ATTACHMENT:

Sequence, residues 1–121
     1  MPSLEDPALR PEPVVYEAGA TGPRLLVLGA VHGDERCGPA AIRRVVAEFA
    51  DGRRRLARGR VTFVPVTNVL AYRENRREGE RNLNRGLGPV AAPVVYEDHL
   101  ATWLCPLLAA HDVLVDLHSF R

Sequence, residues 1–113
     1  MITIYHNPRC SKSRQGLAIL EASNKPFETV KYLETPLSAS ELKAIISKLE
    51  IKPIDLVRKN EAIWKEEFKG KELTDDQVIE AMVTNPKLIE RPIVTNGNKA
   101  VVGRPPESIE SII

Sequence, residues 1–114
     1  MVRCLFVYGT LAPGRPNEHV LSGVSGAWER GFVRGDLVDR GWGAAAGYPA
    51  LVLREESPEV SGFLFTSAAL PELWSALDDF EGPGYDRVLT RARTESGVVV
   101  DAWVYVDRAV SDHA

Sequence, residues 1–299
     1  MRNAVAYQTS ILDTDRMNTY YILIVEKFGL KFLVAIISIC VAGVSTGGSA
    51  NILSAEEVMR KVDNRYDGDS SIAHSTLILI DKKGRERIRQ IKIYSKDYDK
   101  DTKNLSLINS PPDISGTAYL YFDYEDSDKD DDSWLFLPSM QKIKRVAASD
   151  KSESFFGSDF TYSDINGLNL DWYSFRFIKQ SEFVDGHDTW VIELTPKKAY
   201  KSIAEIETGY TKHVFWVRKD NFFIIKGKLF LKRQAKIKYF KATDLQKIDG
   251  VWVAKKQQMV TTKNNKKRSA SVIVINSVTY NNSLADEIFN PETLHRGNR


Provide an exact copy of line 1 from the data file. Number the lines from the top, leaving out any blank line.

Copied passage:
Sequence, residues 1–121